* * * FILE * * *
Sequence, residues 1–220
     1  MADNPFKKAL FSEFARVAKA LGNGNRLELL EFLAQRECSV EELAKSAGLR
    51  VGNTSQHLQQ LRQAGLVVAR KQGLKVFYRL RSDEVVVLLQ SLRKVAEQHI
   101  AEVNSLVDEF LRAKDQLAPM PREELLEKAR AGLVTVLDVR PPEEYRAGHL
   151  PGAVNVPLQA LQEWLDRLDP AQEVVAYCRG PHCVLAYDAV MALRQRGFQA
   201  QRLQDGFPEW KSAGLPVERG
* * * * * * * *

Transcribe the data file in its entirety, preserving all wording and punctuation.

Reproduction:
Sequence, residues 1–220
     1  MADNPFKKAL FSEFARVAKA LGNGNRLELL EFLAQRECSV EELAKSAGLR
    51  VGNTSQHLQQ LRQAGLVVAR KQGLKVFYRL RSDEVVVLLQ SLRKVAEQHI
   101  AEVNSLVDEF LRAKDQLAPM PREELLEKAR AGLVTVLDVR PPEEYRAGHL
   151  PGAVNVPLQA LQEWLDRLDP AQEVVAYCRG PHCVLAYDAV MALRQRGFQA
   201  QRLQDGFPEW KSAGLPVERG